12 My description refers to the Generali Foundation show‚“Kino wie noch nie” (2005). See →.
13 “Aujourd’hui le décor du premier film est sauvé et abrite une salle de cinéma de 270 fauteuils. Là où sortirent les ouvriers et les ouvrières de l’usine, les spectateurs vont au cinéma, sur le lieu de son invention,” Institut Lumière, →.
14 “La partie Hangar, spacieux hall de réception chargé d’histoire et d’émotion pour tous vos déjeuners, cocktail, dîners…[Formule assise 250 personnes ou formule debout jusqu’à 300 personnes],” Institut Lumière, →.
15 There is however one interesting difference between cinema and factory: in the rebuilt scenery of the Lumière museum, the opening of the former gate is now blocked by a transparent glass pane to indicate the framing of the early film. Leaving spectators have to go around this obstacle, and leave through the former location of the gate itself, which no longer exists. Thus, the current situation is like a negative of the former one: people are blocked by the former opening, which has now turned into a glass screen; they have to exit through the former walls of the factory, which have now partly vanished. See photographs at ibid.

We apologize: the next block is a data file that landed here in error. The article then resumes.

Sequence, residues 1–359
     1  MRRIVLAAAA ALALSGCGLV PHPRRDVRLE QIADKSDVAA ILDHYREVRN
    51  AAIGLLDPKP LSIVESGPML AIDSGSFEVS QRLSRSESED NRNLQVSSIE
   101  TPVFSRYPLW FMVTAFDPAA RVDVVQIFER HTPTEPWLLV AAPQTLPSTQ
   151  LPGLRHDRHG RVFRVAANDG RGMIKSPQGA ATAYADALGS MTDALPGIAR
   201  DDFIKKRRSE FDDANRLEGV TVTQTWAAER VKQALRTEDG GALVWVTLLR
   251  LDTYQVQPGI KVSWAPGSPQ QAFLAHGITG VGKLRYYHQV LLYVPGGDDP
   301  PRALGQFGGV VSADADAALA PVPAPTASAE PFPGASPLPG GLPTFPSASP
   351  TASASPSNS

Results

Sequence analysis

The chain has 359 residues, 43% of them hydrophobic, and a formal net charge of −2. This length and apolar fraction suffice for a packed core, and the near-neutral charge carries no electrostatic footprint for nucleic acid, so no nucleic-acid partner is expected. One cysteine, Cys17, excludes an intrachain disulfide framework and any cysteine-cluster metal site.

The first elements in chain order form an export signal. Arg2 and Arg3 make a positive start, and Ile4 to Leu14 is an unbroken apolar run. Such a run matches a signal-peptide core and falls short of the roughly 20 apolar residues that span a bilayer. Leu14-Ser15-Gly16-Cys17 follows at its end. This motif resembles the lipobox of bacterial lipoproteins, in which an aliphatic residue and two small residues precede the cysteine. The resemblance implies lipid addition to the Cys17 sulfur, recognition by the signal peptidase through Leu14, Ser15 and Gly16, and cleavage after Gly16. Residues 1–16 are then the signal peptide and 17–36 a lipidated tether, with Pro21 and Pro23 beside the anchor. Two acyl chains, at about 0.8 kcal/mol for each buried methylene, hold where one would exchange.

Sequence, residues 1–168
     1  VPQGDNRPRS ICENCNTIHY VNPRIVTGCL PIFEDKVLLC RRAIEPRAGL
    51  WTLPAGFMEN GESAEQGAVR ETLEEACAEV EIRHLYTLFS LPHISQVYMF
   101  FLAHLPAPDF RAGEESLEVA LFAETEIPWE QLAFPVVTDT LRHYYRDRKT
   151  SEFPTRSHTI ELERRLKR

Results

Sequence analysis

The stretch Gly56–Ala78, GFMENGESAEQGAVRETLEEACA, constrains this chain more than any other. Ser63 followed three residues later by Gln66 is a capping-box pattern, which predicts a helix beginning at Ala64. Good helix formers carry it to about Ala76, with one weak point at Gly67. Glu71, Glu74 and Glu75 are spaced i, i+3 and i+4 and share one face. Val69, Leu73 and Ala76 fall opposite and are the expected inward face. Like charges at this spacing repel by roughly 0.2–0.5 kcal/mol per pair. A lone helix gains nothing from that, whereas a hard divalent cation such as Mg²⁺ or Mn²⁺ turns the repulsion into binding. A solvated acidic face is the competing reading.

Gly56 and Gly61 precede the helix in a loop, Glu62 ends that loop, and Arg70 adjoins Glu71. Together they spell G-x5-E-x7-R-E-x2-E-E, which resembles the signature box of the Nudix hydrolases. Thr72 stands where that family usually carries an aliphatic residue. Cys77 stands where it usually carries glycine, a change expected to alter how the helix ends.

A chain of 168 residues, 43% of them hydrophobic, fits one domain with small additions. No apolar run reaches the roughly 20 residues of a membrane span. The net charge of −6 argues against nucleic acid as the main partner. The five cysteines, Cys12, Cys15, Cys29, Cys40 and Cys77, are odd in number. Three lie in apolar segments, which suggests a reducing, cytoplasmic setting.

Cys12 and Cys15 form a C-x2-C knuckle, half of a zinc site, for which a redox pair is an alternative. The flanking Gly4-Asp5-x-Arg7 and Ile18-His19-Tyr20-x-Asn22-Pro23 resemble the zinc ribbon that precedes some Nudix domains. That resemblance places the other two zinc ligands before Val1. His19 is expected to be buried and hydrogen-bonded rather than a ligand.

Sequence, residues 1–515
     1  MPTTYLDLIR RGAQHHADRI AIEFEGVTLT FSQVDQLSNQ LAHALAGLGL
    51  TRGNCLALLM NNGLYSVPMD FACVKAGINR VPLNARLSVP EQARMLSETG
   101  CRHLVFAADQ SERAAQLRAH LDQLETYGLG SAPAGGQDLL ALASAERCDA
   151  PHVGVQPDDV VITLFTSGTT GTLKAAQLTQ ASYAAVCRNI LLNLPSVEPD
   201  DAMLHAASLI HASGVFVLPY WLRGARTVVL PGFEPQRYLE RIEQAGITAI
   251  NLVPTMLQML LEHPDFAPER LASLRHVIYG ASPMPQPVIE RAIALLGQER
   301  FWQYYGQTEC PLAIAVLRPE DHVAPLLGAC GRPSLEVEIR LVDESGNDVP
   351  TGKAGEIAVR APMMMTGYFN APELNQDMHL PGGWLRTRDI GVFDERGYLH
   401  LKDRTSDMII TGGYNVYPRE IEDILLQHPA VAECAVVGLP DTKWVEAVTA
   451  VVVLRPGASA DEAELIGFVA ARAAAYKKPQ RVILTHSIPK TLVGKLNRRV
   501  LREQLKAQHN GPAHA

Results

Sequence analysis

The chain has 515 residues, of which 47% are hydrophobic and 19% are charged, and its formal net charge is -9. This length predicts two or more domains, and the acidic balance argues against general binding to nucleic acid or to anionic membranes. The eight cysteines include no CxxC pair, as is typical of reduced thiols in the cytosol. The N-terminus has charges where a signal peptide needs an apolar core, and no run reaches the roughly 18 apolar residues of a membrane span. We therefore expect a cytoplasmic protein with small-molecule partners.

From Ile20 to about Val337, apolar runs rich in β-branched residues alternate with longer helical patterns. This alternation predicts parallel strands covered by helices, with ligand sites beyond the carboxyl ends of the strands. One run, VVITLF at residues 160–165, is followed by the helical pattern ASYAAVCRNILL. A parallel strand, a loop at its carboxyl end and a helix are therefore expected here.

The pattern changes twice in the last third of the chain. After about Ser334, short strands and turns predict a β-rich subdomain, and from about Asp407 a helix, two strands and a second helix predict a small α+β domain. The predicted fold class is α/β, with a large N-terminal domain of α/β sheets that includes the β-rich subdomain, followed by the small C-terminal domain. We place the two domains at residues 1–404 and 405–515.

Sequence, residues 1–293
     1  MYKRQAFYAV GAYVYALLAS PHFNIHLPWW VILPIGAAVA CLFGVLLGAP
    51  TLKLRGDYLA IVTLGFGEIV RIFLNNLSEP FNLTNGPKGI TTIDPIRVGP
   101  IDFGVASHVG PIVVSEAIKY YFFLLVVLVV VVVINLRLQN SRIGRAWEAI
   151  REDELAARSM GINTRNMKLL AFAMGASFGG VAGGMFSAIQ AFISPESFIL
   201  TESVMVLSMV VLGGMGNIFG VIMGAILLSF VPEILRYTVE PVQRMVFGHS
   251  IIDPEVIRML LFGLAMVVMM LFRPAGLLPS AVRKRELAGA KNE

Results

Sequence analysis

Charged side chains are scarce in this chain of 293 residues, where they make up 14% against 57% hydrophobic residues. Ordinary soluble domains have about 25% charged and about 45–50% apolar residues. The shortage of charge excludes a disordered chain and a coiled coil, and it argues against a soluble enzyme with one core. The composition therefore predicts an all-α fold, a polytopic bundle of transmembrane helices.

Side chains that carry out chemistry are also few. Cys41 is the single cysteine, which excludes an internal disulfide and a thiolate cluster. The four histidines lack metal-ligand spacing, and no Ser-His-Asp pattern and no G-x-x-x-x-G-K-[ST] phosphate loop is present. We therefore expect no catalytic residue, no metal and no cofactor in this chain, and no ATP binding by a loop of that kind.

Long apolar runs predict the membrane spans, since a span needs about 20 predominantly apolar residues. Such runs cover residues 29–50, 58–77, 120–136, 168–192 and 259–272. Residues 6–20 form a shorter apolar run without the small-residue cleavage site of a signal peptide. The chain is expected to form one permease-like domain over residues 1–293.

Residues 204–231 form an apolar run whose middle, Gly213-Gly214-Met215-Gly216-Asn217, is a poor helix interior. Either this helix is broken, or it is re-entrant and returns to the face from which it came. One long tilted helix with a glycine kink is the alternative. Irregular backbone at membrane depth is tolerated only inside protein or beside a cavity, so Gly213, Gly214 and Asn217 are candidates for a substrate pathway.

16 For a more sober description of the generally quite idealized condition of multitude, see Paolo Virno A Grammar of the Multitude, trans. Isabella Bertoletti, James Cascaito, and Andrea Casson (New York and Los Angeles: Semiotexte, 2004).
17 As do multiple single screen arrangements.
18 “Godard on Tout va bien (1972),” →.
19 “Photography and video filming are not normally allowed at Tate” (→). However, filming there is welcomed on a commercial basis, with location fees starting at £200 an hour (→). Policy at the Centre Pompidou is more confusing: “You may film or photograph works from permanent collections (which you will find on levels 4 and 5 and in the Atelier Brancusi) for your own personal use. You may not, however, photograph or film works that have a red dot, and you may not use a flash or stand.” (→).
20 Thomas Elsaesser, “The Cinema in the Museum: Our Last Bourgeois Public Sphere?“ (paper presented at the International Film Studies Conference, “Perspectives on the Public Sphere: Cinematic Configurations of ‘I’ and ‘We,’" Berlin, Germany, April 23–25, 2009.
21 Jürgen Habermas, The Structural Transformation of the Public Sphere: An Inquiry into a Category of Bourgeois Society, trans. Thomas Burger with the assistance of Frederick Lawrence (Cambridge, MA: The MIT Press, [1962] 1991).
22 Elsaesser, “The Cinema in the Museum.”
23 Boris Groys, “Politics of Installation,” e-flux journal, no. 2 (January 2009), →.